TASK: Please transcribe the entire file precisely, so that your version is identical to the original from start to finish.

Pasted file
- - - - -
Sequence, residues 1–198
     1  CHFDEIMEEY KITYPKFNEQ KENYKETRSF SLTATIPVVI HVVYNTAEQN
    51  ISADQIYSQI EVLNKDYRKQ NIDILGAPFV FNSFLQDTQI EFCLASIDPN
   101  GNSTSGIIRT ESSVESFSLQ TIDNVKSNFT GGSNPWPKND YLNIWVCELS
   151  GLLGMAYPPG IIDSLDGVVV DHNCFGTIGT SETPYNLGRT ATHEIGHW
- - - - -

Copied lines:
Sequence, residues 1–198
     1  CHFDEIMEEY KITYPKFNEQ KENYKETRSF SLTATIPVVI HVVYNTAEQN
    51  ISADQIYSQI EVLNKDYRKQ NIDILGAPFV FNSFLQDTQI EFCLASIDPN
   101  GNSTSGIIRT ESSVESFSLQ TIDNVKSNFT GGSNPWPKND YLNIWVCELS
   151  GLLGMAYPPG IIDSLDGVVV DHNCFGTIGT SETPYNLGRT ATHEIGHW